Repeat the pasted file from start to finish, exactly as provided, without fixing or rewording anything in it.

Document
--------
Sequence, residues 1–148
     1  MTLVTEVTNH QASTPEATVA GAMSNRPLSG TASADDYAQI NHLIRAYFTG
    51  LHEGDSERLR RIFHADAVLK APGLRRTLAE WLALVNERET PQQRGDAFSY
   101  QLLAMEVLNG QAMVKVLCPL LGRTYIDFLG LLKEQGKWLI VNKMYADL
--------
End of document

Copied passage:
Sequence, residues 1–148
     1  MTLVTEVTNH QASTPEATVA GAMSNRPLSG TASADDYAQI NHLIRAYFTG
    51  LHEGDSERLR RIFHADAVLK APGLRRTLAE WLALVNERET PQQRGDAFSY
   101  QLLAMEVLNG QAMVKVLCPL LGRTYIDFLG LLKEQGKWLI VNKMYADL